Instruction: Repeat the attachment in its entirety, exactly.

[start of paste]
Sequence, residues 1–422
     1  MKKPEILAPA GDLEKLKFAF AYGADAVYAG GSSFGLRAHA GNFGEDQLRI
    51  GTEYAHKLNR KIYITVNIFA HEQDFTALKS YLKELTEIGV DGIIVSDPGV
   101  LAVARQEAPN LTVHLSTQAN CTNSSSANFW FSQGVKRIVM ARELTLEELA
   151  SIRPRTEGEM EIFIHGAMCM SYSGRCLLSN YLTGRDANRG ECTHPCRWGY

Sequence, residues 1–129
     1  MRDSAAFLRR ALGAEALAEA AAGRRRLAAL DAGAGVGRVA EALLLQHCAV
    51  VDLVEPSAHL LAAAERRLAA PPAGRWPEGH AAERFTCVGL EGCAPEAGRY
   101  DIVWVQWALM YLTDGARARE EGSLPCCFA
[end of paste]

Sequence, residues 1–422
     1  MKKPEILAPA GDLEKLKFAF AYGADAVYAG GSSFGLRAHA GNFGEDQLRI
    51  GTEYAHKLNR KIYITVNIFA HEQDFTALKS YLKELTEIGV DGIIVSDPGV
   101  LAVARQEAPN LTVHLSTQAN CTNSSSANFW FSQGVKRIVM ARELTLEELA
   151  SIRPRTEGEM EIFIHGAMCM SYSGRCLLSN YLTGRDANRG ECTHPCRWGY

Sequence, residues 1–129
     1  MRDSAAFLRR ALGAEALAEA AAGRRRLAAL DAGAGVGRVA EALLLQHCAV
    51  VDLVEPSAHL LAAAERRLAA PPAGRWPEGH AAERFTCVGL EGCAPEAGRY
   101  DIVWVQWALM YLTDGARARE EGSLPCCFA